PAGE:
Another author writing about the financial sector says that "Blockchains are new technology layers that rewire the Internet and threaten to side-step older legacy constructs and centrally served businesses. At its core, a blockchain injects trust into the network, cutting off some intermediaries from serving that function and creatively disrupting how they operate. Metaphorically, blockchains are the ultimate non-stop computers. Once launched, they never go down, and offer an incredible amount of resiliency, making them dependable and attractive for running a new generation of decentralized services and software applications."
Some education writers, like Audrey Watters, have connected it to education. The most obvious connections are in recordkeeping for courses, credits, tuition and personal information. Authenticating the individual and the learning is important, but imagine using it globally across many school and non-academic providers. This is digital badging but at a much more secure and sophisticated level. MIT Media Lab announced last year that it was developing software to issue digital certificates on the Bitcoin Blockchain. One developer of this technology for secure sharing of academic records is Sony Global Education.
This is not pedagogy. It won't change how you teach a course. It will change what happens to the students in your classes and so may change the kind of student you have in your classes.  
"Learning Is Earning" was presented by Jane McGonigal at SXSW 2016. She introduced "Edublocks” which would be units of hours of learning written to a blockchain and like Bitcoins can be used to pay for the next learning opportunity. Not all of us are enamored of the credit hour, but I like the authentication aspect. Mentor someone, get paid and use that to pay down your student loan. Acquire new skills and that goes on your learning chain.
Probably, we are going to see blockchain used in places like the financial and healthcare sector and even sharing economy businesses, like Airbnb, before it is in your school's administration offices.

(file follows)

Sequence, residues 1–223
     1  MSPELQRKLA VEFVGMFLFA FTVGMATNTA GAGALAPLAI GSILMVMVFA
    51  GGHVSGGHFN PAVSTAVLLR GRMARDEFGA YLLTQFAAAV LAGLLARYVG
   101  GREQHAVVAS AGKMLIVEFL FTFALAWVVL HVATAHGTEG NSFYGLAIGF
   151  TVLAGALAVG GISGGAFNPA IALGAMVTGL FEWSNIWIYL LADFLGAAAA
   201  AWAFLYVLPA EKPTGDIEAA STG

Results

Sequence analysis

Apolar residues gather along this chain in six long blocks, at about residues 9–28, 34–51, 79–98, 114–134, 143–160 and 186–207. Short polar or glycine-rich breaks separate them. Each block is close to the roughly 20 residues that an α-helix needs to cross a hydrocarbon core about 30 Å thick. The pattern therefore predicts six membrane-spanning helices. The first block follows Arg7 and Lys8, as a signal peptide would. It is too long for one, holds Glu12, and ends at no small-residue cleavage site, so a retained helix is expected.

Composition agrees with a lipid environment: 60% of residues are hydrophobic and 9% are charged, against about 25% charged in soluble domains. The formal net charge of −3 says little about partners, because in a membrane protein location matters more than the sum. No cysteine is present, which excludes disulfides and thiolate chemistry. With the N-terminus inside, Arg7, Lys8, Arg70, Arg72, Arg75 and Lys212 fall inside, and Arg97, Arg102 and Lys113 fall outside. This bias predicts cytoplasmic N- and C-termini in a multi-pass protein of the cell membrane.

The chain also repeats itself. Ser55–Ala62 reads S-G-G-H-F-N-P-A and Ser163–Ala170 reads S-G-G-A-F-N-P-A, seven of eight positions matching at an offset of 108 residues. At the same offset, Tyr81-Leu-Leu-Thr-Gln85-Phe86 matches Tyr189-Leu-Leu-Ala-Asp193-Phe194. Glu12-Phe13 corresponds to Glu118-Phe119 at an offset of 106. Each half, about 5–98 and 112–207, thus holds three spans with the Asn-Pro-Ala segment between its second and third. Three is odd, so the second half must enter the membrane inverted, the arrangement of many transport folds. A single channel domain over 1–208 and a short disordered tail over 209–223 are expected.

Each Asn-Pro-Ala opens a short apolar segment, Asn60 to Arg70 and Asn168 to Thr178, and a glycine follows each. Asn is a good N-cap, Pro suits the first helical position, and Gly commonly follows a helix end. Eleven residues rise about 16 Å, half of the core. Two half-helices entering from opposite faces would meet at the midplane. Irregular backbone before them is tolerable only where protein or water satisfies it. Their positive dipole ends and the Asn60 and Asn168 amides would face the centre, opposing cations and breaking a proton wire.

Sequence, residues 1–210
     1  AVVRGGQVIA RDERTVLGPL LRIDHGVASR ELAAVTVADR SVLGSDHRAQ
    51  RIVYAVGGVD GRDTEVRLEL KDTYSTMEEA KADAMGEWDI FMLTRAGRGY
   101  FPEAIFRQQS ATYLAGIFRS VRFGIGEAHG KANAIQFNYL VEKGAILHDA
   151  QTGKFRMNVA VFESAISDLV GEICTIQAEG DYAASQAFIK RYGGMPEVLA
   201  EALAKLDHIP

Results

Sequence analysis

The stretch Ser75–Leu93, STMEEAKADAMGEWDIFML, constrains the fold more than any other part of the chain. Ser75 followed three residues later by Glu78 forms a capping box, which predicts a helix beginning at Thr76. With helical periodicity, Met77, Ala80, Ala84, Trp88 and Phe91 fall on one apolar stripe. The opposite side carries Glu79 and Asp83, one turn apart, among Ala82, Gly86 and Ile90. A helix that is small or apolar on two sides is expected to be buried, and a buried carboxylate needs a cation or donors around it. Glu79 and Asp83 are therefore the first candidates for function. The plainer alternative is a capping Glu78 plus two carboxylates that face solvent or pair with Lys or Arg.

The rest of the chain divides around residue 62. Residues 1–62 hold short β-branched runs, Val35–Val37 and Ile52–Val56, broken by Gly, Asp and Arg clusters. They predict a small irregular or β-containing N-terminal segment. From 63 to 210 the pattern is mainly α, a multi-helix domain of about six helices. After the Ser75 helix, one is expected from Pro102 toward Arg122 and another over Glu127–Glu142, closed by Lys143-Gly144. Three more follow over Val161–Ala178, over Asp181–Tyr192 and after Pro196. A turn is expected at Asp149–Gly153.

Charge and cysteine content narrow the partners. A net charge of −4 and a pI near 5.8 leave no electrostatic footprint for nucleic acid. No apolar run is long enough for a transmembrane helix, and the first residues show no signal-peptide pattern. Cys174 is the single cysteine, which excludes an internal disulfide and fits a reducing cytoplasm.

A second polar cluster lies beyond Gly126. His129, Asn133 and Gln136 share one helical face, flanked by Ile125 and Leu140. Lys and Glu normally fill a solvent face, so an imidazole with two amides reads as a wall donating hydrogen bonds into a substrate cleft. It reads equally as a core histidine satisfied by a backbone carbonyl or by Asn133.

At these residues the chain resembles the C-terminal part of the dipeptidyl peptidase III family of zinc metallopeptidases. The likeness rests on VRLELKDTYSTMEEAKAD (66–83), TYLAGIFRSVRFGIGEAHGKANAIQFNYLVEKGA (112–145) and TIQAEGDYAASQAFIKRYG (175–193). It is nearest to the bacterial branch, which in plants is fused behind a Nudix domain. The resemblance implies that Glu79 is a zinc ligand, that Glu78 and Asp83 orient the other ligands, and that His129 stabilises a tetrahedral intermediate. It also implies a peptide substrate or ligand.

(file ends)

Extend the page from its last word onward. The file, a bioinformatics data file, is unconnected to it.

For further reading, check out the book Blockchain Revolution: How the Technology Behind Bitcoin Is Changing Money, Business, and the World by Don Tapscott and Alex Tapscott. Don also has a series of videos on blockchain online too.

updatedEDUCAUSE has published "The Blockchain Revolution and Higher Education" by Don Tapscott and Alex Tapscott (3/13/17)

"Why not be leaders for a new paradigm? The blockchain provides a rich, secure, and transparent platform on which to create a global network for higher learning. We believe that higher education works best when it works for all types of teaching and learning, and we believe that this new platform is an engine of inclusion. Let’s use the emerging Internet of value and the blockchain revolution to recapture our identities and endow them with our detailed and real-time records of learning. Perhaps then we can finally reinvent the past model of pedagogy and transform the architecture of higher education for the future generation of lifelong learners."

Trends in Game-Based Education

"Conversations about teaching with games (game-based learning) and learning about students through games (game-based assessment) are not new. What is new is the increasing focus on those educator and student voices at the table and an increased recognition of the importance of localized game-based education.

As work in game-based learning and game-based assessment continues in 2017, we expect the field to continue exploring ways to highlight educator and student voices. We expect more game and testing companies to involve educators and students early and often. We also expect educators to continue experimenting with methods to leverage games that were not originally designed for the classroom. We expect an increased focus on game-based education rooted in local relationships. We expect educators to share their work openly and to continue to build a community of practice around game-based education. Most of all, though, we expect the conversations to continue."


  from “Playing Together: Trends in Game-Based Education” by tech.ed.gov